Jay Wexler teaches at the Boston University School of Law and, more importantly, tweets as @SCOTUSHUMOR. He previously clerked for Supreme Court Justice Ruth Bader Ginsburg and then served as a lawyer in the Department of Justice's Office of Legal Counsel. Wexler's writing has appeared in Boston magazine, Spy, and McSweeney's Internet Tendency, among other publications. He is the author of Holy Hullabaloos: A Road Trip to the Battlegrounds of the Church/State Wars, The Odd Clauses: Understanding the Constitution through Ten of Its Most Curious Provisions and The Adventures of Ed Tuttle, Associate Justice.
This post originally appeared at Prawfsblog.
For those of us who care deeply about Supreme Court oral argument humor, yesterday was the best day in the history of the world. As has been widely reported, Clarence Thomas spoke for the first time in seven years, telling a joke at the expense of Yale Law School. The key point here is that, although the joke was not itself captured on the official transcript, the "[laughter]" was. For the record, the official laugh line was:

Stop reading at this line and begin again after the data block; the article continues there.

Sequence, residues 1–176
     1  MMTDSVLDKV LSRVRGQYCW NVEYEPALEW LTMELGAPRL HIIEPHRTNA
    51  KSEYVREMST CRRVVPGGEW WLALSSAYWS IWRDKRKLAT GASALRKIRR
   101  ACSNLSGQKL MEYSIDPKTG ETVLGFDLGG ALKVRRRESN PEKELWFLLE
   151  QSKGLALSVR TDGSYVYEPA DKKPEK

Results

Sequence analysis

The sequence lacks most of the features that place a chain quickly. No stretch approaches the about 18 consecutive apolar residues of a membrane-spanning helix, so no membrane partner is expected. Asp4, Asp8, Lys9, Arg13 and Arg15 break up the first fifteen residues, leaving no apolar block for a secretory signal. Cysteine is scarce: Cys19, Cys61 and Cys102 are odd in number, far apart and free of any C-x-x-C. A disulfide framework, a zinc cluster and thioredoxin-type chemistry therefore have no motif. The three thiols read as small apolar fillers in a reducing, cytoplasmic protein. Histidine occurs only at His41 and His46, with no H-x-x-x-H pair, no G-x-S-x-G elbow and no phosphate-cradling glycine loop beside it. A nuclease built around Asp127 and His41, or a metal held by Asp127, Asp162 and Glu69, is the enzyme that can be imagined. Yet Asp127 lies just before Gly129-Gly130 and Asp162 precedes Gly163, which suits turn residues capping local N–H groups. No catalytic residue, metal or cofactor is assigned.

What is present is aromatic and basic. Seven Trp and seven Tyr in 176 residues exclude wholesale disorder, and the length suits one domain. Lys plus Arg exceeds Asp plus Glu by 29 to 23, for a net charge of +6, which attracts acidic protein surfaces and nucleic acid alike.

JUSTICE THOMAS: "Well--he did not--"
Just to state the obvious here, Justice Thomas now has a 100% laughter to comment ratio at oral arguments over the past 7 years. In terms of raw statistics, then, this makes him funnier than Louis CK, Sarah Silverman, and Weird Al Yankovic combined.
It wasn't just Thomas getting laughs, though. In the first argument of the day, there were six laughlines, three by Justice Scalia alone. Six for a single argument is almost unheard of. I wasn't there, of course, but it sounds like the morning was more "Night Court" than "Supreme Court." Perhaps it was this night-club atmosphere that inspired Justice Thomas to tell his joke. Indeed, there were four laughs in the second argument--the audience even laughed once at something Justice Alito said, which is about as rare as someone laughing at an episode of "Don't Trust the B--in Apt. 23."
As the Court heads back to business this morning, one wonders whether some of the other justices might feel moved to follow Justice Thomas and break type. I predict that Justice Breyer shows up with one of those Steve Martin arrow through the head things on his giant dome, and that Justice Kagan, well known for her ventriloquism prowess,** poses her questions through a fancy dressed mouse hand puppet.
**Justice Kagan is not in fact known for her ventriloquism prowess